The 51-year-old Kelly, who tied for 14th at the PGA Tour's Sony Open last week in Honolulu, birdied five of his final seven holes to shoot 30 on the back nine at Hualalai. He won twice last season, his first on the over-50 tour.

Gene Sauers also shot 64, going bogey-free amid calm conditions. Thirty-two of the 44 players broke par in the limited-field event, which includes winners from last season, past champions of the event, major champions and Hall of Famers.

Rocco Mediate and Colin Montgomerie were one shot back, and Fred Couples, Kevin Sutherland and Kirk Triplett were another shot behind.

Bernhard Langer, defending the first of his seven 2017 titles, was in the middle of the pack after a 69.

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Rahm (62) fires career low round

By Will GrayJanuary 19, 2018, 12:03 am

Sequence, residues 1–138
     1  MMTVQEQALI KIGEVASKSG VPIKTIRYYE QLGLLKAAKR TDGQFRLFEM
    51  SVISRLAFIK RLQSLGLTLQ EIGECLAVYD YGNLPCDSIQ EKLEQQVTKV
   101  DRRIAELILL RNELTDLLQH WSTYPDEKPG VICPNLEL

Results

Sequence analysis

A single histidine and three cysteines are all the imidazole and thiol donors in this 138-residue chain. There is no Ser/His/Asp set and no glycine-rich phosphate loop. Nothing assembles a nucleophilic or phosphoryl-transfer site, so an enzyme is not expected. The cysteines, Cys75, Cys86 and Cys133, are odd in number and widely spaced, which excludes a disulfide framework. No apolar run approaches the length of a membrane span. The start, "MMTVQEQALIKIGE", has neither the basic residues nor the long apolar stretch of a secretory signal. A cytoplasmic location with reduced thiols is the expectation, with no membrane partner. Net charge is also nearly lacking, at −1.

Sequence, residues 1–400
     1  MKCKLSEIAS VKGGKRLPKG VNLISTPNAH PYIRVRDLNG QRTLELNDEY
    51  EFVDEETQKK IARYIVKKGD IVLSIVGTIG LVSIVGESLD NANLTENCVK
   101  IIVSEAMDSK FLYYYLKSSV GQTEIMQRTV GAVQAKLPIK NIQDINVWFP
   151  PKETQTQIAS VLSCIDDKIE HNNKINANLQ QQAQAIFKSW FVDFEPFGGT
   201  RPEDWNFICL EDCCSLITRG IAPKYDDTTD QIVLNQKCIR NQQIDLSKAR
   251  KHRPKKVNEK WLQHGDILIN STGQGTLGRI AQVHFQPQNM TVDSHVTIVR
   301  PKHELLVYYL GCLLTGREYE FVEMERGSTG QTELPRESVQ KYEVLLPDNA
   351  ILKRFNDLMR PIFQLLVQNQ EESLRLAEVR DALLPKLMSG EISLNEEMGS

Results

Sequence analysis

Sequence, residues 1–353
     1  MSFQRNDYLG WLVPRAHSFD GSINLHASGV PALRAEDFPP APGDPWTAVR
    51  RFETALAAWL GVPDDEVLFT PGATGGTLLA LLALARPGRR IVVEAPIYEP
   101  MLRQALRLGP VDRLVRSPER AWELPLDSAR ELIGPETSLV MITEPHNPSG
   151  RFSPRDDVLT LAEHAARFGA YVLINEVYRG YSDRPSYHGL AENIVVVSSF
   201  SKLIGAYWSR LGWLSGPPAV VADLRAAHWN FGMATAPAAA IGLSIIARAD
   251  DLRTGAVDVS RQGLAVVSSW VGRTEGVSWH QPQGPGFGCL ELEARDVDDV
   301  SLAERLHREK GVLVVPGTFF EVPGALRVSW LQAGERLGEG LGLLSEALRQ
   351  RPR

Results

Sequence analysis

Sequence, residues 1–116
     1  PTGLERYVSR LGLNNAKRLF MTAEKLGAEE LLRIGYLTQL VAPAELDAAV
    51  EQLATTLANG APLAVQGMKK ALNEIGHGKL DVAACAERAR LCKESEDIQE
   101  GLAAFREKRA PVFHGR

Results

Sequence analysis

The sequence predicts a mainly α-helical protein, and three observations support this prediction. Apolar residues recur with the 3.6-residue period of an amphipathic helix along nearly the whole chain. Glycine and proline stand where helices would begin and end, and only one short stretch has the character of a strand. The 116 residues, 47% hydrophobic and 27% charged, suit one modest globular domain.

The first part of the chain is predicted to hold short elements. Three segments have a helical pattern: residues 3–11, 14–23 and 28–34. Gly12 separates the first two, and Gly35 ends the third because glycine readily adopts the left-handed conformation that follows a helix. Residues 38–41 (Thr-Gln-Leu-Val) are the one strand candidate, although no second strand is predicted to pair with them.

The scores were predictably low during the opening round of the CareerBuilder Challenge, where the top-ranked player in the field currently sits atop the standings. Here's how things look after the first day in Palm Springs as Jon Rahm is out to an early advantage:

Leaderboard: Jon Rahm (-10), Austin Cook (-9), Andrew Landry (-9), Jason Kokrak (-9), Brandon Harkins (-8), Martin Piller (-8), Aaron Wise (-8), Beau Hossler (-8)

What it means: Rahm is coming off a runner-up finish two weeks ago at Kapalua, and he picked up right where he left off with a 10-under 62 at La Quinta Country Club. It marked his lowest career round on the PGA Tour, and it gave him a one-shot lead heading to the Nicklaus Tournament Course. Cook is the only player within two shots of Rahm who has won already on Tour.

Round of the day: Rahm got off to a fast start, playing his first seven holes in 6 under, and he made it around La Quinta without dropping a shot. The 62 bettered his previous career low on Tour by two shots and it included an eagle on the par-5 fifth hole to go along with eight birdies.